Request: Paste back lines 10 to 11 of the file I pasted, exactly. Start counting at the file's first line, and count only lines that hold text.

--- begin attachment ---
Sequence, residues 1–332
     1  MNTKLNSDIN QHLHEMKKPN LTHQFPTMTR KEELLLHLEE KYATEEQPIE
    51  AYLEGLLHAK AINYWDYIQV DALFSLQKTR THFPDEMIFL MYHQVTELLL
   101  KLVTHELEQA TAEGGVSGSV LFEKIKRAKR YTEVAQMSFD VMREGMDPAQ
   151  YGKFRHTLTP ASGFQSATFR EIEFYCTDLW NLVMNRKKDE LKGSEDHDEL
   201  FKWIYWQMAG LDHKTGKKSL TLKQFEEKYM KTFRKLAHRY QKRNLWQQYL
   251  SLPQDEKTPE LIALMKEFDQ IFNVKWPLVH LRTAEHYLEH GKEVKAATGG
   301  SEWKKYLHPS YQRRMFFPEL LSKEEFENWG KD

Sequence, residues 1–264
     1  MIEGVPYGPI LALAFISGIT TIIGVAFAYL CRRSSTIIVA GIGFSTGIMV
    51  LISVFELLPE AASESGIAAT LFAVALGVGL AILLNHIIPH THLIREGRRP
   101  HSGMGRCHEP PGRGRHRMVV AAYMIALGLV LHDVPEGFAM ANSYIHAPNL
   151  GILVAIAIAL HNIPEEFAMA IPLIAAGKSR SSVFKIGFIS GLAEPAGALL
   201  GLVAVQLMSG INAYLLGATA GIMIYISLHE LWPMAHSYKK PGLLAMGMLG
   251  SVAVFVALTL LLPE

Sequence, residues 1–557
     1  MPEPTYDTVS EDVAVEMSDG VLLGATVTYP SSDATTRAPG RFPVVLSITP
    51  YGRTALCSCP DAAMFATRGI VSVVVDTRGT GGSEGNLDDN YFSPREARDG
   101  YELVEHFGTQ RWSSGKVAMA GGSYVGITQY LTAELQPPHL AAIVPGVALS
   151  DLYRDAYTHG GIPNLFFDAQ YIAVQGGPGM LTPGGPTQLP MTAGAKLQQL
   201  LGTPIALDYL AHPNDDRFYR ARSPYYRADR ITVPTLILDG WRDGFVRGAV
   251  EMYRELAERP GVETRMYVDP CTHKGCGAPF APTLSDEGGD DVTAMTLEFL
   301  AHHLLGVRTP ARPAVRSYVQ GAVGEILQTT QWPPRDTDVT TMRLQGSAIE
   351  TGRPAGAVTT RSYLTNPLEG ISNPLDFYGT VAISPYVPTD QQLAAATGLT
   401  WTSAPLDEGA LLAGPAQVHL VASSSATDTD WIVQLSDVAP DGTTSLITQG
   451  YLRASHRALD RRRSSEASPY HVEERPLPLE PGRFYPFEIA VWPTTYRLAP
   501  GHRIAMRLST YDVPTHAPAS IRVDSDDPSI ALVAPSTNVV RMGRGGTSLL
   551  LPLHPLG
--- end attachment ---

     1  MIEGVPYGPI LALAFISGIT TIIGVAFAYL CRRSSTIIVA GIGFSTGIMV
    51  LISVFELLPE AASESGIAAT LFAVALGVGL AILLNHIIPH THLIREGRRP